“I can’t wait until our in service meeting today! It is going to be awesome to learn more about the CORE curriculum we will be using.” exclaimed Bob.
“Like, OMG, it is going to be totally Swag!!!” squealed Robin.
“I concur,” Tim stated in his big-man-on-campus collegiate voice as he ran to the meeting.
Melissa’s eyes lit up as if she were told she was having triplets, and she shouted, “whoopee!”
And, young Ben, the new guy in the hall, shouted “Yippie!” as he skipped to the meeting.
“Wake up Dave! Dave, wake up!” Sam repeated as he nudged me in the arm. “You fell asleep during the principal’s introduction and overview on what we would be doing today.”
“Did I miss anything, Sam?” I asked as I wiped the drool from my chin.
“No.” She basically told us why we were having meetings.
So, That brings me to Rule #1 to a productive meeting. Attend well rested. Research has shown taking naps is better than drinking a cup of coffee, and this must be true because I read it on the Internet.
It also demonstrates Rule #2: do not have a meeting to explain why you will be having a meeting.
These two rules seem like common sense, but we all know that common sense is not so common. Face it, common sense should have told me that having children would cause me to spend money on toys I don’t play with, go to more doctor appointments for illnesses I don’t have, and be more responsible by not eating candy for breakfast, ice cream for lunch, and pop tarts for dinner. But, no, I did not listen to common sense. Of course, I eventually figured it out, after the fourth child.
Luckily, today, we did not have four meetings to tell us what we were meeting about. We stopped at two. So, Rule #3: Never have a second meeting to explain why there was a first meeting that explained what the purpose of the meetings will be. After all, redundancies can be boring. Let me repeat myself, don’t keep restating the same information over and over again.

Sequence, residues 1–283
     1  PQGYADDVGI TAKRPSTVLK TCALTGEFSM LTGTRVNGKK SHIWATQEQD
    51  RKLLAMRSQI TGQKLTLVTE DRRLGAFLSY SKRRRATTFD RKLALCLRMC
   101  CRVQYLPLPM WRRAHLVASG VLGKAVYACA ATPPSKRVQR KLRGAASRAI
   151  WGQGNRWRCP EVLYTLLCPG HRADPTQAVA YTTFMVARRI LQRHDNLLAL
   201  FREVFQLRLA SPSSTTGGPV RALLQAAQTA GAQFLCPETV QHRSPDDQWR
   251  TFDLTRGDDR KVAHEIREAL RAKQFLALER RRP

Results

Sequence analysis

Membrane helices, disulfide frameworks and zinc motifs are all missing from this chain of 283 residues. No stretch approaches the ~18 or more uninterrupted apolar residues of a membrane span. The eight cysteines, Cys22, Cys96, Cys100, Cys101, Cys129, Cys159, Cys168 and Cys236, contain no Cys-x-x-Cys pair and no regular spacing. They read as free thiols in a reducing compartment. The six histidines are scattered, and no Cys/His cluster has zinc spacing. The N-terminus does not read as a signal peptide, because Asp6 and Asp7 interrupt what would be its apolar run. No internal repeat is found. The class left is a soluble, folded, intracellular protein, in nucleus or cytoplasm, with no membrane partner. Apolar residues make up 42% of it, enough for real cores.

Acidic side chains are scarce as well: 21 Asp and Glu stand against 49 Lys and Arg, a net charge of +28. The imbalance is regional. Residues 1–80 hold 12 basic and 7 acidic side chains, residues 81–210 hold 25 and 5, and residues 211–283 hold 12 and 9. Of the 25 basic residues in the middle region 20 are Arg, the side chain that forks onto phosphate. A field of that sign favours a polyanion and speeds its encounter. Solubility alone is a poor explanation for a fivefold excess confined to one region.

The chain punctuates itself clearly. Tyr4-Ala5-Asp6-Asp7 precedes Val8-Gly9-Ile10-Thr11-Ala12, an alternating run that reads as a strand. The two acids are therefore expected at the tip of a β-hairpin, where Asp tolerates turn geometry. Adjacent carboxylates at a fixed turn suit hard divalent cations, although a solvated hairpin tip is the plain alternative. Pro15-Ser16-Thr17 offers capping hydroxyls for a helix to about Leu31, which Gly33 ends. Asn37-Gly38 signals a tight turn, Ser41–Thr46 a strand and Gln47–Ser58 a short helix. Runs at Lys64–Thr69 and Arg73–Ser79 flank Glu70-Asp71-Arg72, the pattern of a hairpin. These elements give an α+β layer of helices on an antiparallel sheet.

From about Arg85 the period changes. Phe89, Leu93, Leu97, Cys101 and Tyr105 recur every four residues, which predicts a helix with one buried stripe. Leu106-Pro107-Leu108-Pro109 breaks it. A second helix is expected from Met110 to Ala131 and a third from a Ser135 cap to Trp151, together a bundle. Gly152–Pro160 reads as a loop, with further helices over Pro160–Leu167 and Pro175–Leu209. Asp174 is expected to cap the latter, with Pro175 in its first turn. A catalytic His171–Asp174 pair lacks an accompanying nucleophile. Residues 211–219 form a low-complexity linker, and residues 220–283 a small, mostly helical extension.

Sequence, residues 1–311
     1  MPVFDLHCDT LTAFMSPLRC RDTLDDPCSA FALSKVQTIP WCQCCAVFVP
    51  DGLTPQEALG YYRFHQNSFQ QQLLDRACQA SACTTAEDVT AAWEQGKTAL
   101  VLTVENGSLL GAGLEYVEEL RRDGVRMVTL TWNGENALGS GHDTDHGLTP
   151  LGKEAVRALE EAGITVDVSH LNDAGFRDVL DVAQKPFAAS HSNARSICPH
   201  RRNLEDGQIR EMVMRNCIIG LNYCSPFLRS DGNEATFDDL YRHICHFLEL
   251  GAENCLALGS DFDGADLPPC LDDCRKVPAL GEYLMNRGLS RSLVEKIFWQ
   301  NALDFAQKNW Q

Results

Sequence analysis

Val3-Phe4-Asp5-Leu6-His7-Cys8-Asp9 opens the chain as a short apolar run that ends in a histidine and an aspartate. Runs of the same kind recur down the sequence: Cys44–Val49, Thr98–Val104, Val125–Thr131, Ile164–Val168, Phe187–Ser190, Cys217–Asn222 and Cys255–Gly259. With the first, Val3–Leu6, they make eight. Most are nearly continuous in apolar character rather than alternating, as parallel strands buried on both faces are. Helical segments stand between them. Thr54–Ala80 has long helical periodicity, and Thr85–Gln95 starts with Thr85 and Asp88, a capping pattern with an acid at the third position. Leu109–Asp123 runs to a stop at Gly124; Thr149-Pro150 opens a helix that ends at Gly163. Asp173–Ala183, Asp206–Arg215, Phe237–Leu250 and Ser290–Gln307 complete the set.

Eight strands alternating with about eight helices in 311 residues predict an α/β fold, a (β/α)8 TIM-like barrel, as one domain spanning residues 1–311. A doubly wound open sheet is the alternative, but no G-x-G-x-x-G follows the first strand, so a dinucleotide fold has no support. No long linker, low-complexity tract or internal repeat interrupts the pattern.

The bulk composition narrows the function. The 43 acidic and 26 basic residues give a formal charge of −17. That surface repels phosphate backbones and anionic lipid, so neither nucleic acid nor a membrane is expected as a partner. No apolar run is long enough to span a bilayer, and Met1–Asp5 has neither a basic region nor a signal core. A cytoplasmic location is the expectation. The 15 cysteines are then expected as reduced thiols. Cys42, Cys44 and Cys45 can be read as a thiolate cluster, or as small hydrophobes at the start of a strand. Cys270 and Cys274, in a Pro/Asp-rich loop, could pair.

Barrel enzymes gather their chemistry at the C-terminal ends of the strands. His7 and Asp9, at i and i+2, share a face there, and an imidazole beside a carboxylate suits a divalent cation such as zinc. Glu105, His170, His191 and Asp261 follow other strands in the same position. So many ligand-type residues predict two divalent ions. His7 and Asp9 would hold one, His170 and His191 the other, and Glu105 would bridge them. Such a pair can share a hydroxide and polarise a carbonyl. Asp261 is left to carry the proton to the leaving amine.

After our second meeting, we moved to smaller groups to concentrate on one grade level. These smaller groups were then broken down further into twos or threes to work on one standard of the curriculum. For example, my partner and I examined the standard on informational text, three others looked at the literature standard, and another group analyzed writing. Why was this part of the meeting productive? One element would have to be the fact that we had one of our own teachers as a facilitator, and she did not try to be a know-it-all. She took notes to allow others the time to research the answers. Therefore, Rule #4 is to break tasks into smaller chunks. Feeling overwhelmed tends to cause some folks to shut down. In addition, Rule #5 is to utilize your own people, someone who is respected by coworkers.
Once we completed our analysis of the changes we would need to implement, we were ready for lunch. Rule #6, of course, is to never try to be productive on an empty stomach. Public schools provide the opportunity for breakfast and lunch for students because research has shown kids learn better when they are not thinking about eating. At least, that is what I read in some text-book in college. I know I work better without a “rumbly” in my tummy.
After a filling lunch of pizza and salad, we returned to our meeting room to share our thoughts. Rule #7 has to be to allow people to share ideas. Instead of all of us doing the same work, we outsourced parts to each other, then shared our evaluations. All of our sharing was completed quickly. Therefore, Rule #8 is to make sure participants keep it brief. Do not be afraid to allow the facilitator to thank a person for sharing while telling him or her to sit down and shut up. Even though the bruise under my eye will heal soon, throwing a book at someone is not an acceptable way to stop him from sharing important information.
Of course, Rule #9 is to end the meeting when the work is completed, not when the time you allotted is over. By giving the participants the opportunity to work efficiently and expeditiously, they will be more productive in the completion of other tasks, like creating new lesson plans.